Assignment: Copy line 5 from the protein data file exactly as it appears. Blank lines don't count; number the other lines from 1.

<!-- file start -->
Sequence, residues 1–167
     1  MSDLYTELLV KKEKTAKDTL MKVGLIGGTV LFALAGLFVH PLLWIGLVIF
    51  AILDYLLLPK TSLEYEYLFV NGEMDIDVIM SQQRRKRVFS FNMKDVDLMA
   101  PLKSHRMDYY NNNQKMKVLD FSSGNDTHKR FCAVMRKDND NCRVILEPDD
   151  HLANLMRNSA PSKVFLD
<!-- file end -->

   151  HLANLMRNSA PSKVFLD